MARGINAL ANALYSIS
It is difficult to develop the conditional profit table when there are a large number of scenarios and possible actions. The marginal analysis approach sidesteps an unmanageable conditional profit table. We will illustrate the procedure and its advantages through the following example.
Example
The fresh from the fields, vegetable and fruit wholesalers buys, produce and then sells to retailers. Currently, green peas are available. The wholesaler pays Rs.200 per box of peas. A box sold on the same day fetches Rs.300, otherwise it has a salvage value of Rs.50. Historical data has established the following demand for green peas.
Number of boxes
21
22
23
24
25
26
27
28
Probability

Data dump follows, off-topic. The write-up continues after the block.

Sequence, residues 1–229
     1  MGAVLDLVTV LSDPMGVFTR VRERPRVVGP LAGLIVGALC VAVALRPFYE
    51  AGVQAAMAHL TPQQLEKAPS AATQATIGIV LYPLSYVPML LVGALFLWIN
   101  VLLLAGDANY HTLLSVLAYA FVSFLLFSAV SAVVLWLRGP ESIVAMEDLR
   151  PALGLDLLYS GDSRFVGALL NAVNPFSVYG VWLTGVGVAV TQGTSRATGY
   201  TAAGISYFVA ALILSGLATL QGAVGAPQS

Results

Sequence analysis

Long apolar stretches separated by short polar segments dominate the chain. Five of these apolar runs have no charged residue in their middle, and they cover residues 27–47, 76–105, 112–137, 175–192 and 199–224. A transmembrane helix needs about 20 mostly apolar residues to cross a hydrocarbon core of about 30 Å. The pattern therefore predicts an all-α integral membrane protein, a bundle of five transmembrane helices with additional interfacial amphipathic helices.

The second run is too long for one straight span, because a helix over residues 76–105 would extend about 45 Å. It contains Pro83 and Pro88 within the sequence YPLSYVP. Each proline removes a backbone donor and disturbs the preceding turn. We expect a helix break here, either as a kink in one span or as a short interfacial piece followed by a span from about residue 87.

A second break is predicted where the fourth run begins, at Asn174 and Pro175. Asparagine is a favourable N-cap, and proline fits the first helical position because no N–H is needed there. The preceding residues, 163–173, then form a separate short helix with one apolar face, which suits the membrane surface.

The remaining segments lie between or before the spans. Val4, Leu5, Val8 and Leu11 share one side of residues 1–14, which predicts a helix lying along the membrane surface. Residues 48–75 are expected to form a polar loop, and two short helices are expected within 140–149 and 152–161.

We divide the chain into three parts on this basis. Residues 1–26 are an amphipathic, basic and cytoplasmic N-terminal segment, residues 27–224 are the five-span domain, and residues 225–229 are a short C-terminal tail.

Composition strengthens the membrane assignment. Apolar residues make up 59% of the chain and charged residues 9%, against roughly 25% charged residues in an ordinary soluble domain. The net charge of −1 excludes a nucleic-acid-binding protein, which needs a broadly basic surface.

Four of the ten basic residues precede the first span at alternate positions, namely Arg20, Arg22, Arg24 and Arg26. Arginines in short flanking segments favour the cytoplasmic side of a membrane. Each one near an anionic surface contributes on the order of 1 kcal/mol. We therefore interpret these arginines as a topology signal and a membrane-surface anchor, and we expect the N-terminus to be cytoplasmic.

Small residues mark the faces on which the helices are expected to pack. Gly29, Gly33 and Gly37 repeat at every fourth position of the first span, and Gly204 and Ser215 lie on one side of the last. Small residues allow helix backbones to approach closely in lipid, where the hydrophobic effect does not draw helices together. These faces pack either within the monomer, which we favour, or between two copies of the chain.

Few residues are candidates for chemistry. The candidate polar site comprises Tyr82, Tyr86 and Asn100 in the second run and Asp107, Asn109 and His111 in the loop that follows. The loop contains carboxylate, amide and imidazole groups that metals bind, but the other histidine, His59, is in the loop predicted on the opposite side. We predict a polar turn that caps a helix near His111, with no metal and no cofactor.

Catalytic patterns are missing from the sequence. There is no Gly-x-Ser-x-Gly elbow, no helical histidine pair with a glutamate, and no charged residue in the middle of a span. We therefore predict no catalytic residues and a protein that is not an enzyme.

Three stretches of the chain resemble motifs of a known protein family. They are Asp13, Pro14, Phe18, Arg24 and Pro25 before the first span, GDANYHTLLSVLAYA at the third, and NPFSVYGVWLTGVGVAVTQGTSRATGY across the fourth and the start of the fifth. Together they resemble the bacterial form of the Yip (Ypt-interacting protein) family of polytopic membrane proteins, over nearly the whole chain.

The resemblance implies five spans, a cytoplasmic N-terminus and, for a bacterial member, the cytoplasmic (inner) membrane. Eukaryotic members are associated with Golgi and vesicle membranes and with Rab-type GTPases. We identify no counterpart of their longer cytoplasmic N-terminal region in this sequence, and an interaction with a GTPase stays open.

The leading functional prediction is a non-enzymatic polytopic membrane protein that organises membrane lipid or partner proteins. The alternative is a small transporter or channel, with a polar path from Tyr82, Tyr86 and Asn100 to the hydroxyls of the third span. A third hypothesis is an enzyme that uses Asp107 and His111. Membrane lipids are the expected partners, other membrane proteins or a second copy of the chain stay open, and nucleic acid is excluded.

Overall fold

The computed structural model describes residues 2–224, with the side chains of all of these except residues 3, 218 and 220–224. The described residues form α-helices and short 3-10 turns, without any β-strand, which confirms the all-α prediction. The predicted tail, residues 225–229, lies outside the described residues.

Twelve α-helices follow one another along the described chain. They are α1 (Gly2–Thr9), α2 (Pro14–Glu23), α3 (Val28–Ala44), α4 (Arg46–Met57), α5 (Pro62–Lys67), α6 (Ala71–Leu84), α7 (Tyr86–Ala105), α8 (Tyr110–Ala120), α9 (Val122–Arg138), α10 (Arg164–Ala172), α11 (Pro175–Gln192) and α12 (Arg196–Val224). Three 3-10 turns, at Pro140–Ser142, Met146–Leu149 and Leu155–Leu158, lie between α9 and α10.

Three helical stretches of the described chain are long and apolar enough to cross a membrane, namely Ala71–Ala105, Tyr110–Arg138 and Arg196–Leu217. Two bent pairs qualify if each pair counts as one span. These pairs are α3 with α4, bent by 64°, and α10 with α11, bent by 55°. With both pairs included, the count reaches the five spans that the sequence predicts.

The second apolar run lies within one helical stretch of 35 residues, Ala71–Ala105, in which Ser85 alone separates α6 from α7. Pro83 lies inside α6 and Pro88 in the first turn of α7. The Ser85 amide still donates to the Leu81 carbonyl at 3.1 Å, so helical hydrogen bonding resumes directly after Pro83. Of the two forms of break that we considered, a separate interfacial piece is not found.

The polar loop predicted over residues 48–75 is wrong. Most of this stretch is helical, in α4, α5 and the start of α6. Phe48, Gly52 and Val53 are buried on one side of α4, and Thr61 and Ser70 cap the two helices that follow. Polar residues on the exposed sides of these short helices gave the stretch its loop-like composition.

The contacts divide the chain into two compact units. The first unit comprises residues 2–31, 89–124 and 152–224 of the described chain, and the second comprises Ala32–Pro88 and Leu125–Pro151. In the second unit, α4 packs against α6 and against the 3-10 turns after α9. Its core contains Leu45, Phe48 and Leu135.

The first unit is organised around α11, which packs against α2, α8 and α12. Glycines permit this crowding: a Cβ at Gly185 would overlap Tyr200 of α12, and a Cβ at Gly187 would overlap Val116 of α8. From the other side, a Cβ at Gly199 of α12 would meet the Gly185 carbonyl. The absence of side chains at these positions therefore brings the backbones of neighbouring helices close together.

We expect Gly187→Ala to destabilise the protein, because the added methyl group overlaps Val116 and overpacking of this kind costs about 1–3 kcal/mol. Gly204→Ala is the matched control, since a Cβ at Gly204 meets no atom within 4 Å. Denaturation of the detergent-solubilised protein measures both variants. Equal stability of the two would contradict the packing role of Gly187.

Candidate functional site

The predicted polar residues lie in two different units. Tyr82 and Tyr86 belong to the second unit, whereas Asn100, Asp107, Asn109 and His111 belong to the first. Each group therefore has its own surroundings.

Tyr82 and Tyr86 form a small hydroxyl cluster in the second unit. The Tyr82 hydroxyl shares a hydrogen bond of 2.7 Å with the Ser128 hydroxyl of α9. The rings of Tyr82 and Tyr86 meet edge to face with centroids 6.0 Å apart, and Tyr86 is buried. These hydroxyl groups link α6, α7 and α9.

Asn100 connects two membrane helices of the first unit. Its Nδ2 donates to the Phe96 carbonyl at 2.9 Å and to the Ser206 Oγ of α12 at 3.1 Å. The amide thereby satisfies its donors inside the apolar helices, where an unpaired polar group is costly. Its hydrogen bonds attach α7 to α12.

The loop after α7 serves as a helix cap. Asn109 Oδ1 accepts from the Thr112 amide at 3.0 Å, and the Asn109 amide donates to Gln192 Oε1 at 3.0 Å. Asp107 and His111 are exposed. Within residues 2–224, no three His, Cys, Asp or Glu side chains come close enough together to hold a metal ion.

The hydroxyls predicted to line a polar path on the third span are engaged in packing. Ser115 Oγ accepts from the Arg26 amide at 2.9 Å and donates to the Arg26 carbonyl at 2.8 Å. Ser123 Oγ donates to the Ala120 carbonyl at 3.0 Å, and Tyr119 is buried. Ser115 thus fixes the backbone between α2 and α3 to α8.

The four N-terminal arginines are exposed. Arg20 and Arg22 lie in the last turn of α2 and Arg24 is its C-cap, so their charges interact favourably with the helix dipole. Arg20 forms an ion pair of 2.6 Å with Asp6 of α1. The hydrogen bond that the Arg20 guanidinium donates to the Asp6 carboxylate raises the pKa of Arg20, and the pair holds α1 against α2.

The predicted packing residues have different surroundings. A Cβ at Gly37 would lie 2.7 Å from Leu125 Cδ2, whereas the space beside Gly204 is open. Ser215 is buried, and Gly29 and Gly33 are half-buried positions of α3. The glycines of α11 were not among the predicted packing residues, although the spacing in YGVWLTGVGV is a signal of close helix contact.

0.07
0.08
0.10
0.11
0.29
0.20
0.09
0.06
The wholesaler has decided to stock the optimal number of boxes based on the expected profit criterion.
Let us solve the problem using the conditional profit table. Note that the profit generated by the sale of one box is Rs.100 and the loss incurred on an unsold box is Rs.150.00.
Conditional Profit Table
Stocking level
Daily Demand
Expected profit
21(0.07)
22(0.08)
23(0.10)
24(0.11)
25(0.29)
26(0.20)
27(0.09)
28(0.06)
2100
1950
1800
1650
1500
1350
1200
1050
2200
2050
1900
1750
1600
1450
1300
2300
2150
2000
1850
1700
1550
2400
2250
2500
2350
2600
2450
2700
2550
2800
2100.00
2182.50
2245.00
2282.50
2292.50
2230.00
2117.50
1982.50
From the table, we see that the optimal stocking level is 25 (which generates the maximum expected profit of Rs.2,292.50).
As it can be seen, this approach is tedious and the conditional profit table is bound to become unmanageable.